Monday, September 5, 2011

Parker's "Magical 20": In Search of the Objective Criteria

Robert Parker's announcement of a Bordeaux "Magical 20" chateaux list -- whose wines will be tasted at The Wine Academy of Spain's Wine Future Hong Kong event on November 8 -- is significant in that it has the potential to: (i) cut through the confusion of the existing Bordeaux classification schemes to create a new Bordeaux "super-scheme" which is positioned just after the First Growths;  (ii) creates winners and losers among the chateaux; (iii) exposes a set of wines below the First Growths to the Asian market -- with attendant benefits to the chosen chateaux and price increases to your favorite wines if you are a consumer in other markets; and (iv) kick-start efforts to modernize the outdated 1855 classification scheme.  Given the potential impact, it is important that we understand Parker's criteria for inclusion on this list.  While we await Mr. Parker's revelations, I will attempt to use available data to try to tease out some of these criteria.

In his announcement, Parker stated, "I have chosen estates that produce wines of first growth quality, although technically not first growths.  Consequently, they are under-valued and very smart acquisitions."  Parker will be accompanied at the tasting by representatives from each estate.  The estates, their current classification, and  their respective AOC are shown in the table below.

My first impression in looking at the list is that there are some names that I would have liked to see on here that are not mentioned.  But then again, I am @wineOrl and he is Robert Parker.  He wins.  The list contains 11 chateaux from the 1855 Classification (5 second growths, 3 third growths, and 3 fifth growths), two from the St Emilion classification, and three from the Graves classification (Pomerol properties have never been classified.).  Every meaningful Bordeaux commune is represented in the list with 70% of the properties being left-bank-based.  Of the individual communes, Pauillac, Marguax, and Pomerol, with four chateaux each, are the most represented.  Nothing in this table appears to be list-composition drivers.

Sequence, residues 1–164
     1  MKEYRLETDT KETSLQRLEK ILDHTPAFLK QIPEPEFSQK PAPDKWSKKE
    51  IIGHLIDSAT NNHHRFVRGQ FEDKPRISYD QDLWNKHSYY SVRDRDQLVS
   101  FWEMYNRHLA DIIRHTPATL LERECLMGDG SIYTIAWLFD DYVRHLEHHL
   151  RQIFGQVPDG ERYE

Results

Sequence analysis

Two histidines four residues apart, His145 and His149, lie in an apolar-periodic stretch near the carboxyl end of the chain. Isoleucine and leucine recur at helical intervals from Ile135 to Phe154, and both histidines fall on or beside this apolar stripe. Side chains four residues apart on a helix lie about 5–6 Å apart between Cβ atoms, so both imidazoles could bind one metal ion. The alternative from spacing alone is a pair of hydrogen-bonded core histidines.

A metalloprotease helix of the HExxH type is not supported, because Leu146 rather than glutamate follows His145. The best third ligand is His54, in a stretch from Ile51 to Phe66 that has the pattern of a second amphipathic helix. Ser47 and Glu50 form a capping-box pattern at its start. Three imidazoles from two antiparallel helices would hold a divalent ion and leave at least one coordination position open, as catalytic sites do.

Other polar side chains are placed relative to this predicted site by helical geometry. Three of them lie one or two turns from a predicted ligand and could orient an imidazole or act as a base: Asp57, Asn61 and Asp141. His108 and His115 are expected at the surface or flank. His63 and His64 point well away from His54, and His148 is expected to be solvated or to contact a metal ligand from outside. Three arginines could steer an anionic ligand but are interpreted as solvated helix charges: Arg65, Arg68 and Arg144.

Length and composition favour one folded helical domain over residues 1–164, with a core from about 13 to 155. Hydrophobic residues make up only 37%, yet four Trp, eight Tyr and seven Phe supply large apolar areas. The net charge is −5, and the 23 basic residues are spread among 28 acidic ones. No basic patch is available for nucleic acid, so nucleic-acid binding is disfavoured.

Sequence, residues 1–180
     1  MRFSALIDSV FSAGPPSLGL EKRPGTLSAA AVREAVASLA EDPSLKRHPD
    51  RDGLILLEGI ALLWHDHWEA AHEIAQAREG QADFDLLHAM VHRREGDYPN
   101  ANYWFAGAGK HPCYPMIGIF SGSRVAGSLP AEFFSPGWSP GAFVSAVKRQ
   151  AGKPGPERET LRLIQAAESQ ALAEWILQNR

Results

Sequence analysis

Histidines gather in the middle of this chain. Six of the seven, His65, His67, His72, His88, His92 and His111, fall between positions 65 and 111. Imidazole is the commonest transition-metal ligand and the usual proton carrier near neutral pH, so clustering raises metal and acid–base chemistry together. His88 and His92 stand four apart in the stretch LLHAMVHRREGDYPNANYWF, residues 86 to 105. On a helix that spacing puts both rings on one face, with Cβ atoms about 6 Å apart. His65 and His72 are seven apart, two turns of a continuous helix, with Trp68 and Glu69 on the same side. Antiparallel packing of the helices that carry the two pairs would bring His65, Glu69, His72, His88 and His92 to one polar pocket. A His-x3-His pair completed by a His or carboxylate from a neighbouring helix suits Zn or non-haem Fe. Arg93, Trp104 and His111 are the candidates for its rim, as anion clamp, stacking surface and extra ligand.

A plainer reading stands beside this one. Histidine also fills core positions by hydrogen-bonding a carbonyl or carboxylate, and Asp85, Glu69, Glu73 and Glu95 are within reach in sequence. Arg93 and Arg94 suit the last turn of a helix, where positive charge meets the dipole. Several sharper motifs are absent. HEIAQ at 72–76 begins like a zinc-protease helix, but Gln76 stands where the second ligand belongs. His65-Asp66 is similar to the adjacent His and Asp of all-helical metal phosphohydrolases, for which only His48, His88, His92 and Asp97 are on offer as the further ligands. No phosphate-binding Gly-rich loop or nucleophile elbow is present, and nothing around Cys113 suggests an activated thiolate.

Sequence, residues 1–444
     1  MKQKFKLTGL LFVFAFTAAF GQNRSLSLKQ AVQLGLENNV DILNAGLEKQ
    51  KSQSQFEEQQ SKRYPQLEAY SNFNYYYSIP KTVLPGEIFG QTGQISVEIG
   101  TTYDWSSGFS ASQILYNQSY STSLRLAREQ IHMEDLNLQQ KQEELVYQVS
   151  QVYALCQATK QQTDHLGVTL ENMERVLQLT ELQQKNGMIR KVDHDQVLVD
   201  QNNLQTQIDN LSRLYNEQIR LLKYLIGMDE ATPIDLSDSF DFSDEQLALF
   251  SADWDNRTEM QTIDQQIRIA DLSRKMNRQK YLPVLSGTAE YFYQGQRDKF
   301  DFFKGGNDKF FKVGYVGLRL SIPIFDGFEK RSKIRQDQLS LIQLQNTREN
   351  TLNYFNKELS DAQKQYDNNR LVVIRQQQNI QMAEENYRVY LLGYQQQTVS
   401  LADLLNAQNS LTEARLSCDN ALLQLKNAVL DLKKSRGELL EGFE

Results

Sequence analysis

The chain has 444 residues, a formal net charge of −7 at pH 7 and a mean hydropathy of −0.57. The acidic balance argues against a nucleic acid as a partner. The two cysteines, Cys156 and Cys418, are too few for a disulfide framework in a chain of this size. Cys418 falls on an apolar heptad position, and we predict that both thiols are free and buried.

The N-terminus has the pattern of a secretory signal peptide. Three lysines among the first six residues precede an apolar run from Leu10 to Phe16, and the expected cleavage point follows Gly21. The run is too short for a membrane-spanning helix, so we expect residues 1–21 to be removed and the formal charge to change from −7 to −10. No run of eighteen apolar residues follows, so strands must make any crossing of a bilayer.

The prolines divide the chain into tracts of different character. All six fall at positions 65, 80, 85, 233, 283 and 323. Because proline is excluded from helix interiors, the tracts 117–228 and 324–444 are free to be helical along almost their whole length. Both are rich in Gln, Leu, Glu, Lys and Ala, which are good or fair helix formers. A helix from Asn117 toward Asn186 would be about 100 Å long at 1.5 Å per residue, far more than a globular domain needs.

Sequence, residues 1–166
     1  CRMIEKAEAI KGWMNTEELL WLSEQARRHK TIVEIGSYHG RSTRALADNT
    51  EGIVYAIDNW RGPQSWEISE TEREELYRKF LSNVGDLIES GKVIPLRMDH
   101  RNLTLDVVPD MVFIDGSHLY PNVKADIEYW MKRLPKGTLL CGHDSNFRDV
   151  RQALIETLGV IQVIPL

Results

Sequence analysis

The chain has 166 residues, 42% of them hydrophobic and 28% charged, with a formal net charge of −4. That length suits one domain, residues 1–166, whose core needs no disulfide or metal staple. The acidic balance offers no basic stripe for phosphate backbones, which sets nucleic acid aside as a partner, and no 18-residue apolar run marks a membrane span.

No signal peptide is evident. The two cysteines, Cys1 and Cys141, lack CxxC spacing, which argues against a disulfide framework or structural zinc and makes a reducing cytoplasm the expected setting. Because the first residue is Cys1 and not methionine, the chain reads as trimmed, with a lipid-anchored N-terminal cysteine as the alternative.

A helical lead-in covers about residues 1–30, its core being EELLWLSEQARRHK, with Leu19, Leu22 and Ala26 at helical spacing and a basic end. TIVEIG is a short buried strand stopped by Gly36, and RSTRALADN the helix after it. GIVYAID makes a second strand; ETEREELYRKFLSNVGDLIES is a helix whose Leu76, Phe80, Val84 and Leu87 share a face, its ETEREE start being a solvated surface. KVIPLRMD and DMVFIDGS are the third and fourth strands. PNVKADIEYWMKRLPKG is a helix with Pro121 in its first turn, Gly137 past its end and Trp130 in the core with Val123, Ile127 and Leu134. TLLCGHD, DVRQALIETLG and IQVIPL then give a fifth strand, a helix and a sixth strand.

Not finding the criteria above, I turned to the release price of each chateau's primary wine.  In that the 2009 release of the wines will be tasted at Wine Future Hong Kong, I wanted to include that year's price in the analysis but I also wanted to look at least five years back so that meaningful analysis and comparisons could be made.  I was able to obtain time-series data on release prices from and those data are presented in Table 2 for the years 2004-2009. 

The series includes two exceptional years (2005 and 2009) and two less-than-stellar years (2004 and 2007).  The prices are stated in British Pounds.  In that 2009 was a stellar year, I wanted to compare it against another stellar year and 2005 fit that bill.  The second comparison was the pricing differential between 2008 and 2004.  In the cases where a price range is given, the low end of the range is used.  The comparisons are shown in the last two columns and indicate no correlation between inclusion on this list and 2004-2008 or 2005-2009 price growth so Mr. Parker could not have used these as criteria for composition of the list.  Onward then.

I looked further into areas such as ownership (a mix of owners to include industrialists, families, insurance companies, etc.), consultants employed (Michel Rolland, Stephen Derenoncourt, among others, but not in a suffocating way), and recent quality-focused investments (Cos, Pontet, and Angelus stand out) but no clear commonalities exist that one could point to and say "these are the objective standards for inclusion in the list."